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Embedding Chatter in Custom Visualforce Pages

I was recently given the challenge of adding the Salesforce Chatter component to a custom Visualforce page. In normal scenarios, this is easy–Visualforce exposes the simple chatter:feed component, which makes it trivial to load the feed on any page. The catch is that your Visualforce page must include the standard Salesforce style sheets because the Chatter component relies on the Salesforce CSS and JavaScript files. In this case, the page I was editing was fully customized. It had the standard style sheets disabled and was using the Bootstrap framework, along with a lot of other custom CSS and JavaScript. Of course, I initially tried to enable the Salesforce standard style sheets and hoped they would play nice alongside our own stylesheets. They didn’t. The resulting page was mayhem, and it wasn’t worth going down the rabbit hole of trying to get all of the different styles to work together.

 

I ultimately devised another solution. It certainly isn’t perfect, but, in this case, it fulfilled my requirements and was a lot better than rewriting the whole Chatter component from scratch. I started by creating a new Visualforce page with the standard style sheets enabled and containing only the Chatter component. Then, in the original page, I included the new Chatter-specific page in an IFrame element. This effectively loads the Chatter component as an isolated element with its own style sheets.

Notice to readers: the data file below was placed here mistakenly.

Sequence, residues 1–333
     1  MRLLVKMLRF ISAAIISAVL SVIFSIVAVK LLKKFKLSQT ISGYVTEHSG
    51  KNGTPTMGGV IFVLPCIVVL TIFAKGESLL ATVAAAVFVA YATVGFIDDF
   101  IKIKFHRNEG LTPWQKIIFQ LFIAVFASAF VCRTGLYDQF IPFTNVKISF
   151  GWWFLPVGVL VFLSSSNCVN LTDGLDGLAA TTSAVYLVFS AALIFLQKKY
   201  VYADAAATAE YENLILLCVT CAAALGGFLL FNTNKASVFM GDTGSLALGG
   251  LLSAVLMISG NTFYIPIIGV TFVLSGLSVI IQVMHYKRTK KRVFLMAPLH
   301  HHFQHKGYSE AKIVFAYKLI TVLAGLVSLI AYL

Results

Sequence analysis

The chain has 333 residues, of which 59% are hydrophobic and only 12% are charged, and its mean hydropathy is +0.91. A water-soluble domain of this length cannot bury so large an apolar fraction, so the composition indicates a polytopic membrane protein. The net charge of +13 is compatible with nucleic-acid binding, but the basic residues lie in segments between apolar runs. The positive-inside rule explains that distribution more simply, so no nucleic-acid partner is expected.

The usage of an IFrame does cause some oddities however. First, scrolling is a little weird. When the Chatter component’s content is bigger than the IFrame container, scroll bars are added to the container and the user must scroll within the IFrame to see all of the content. While this can be strange when you first experience it, I think it’s an acceptable user interface in this instance. The second oddity is that when a link is clicked inside the IFrame, the content for that link is rendered inside the IFrame instead of in the whole page. This creates a “page within a page” effect. Luckily, this can be fixed with some JavaScript magic by listening for when the user clicks on a link and then intercepting the click and changing the URL for the whole page. For my example below, I accomplished this using jQuery, which is a great solution thanks to its simplicity. You could also do this using vanilla JavaScript.

 

In an ideal world, Salesforce would provide a standalone Chatter component that doesn’t require their standard style sheets to be included for the whole page. (If anyone at Salesforce is listening, please do this!) But, in the meantime, this is a reasonable workaround. I hope that by sharing my solution it will save someone else the time it spent for me to figure it out. Check out the sample code below, and if you have any questions, or if you have a better solution, be sure to leave a comment.

 

Comments

  • hi i tried using your code but need a controller for those pages.. would you please share the controller classes for the above two pages..

    • Hi Nikita,

      Those two example page can actually work without a controller. If you remove the attributes controller=”ChatterPage” and controller=”CustomPage” from the tag at the top of each page then they should work without controllers. The other option would be to create empty controllers since the example pages I provided do not actually need to interact with the controller. In the future if you needed to expand the functionality of the page then you would simply add code to that empty controller. An empty controller for the ChatterPage would look like this:

      public class ChatterPage {}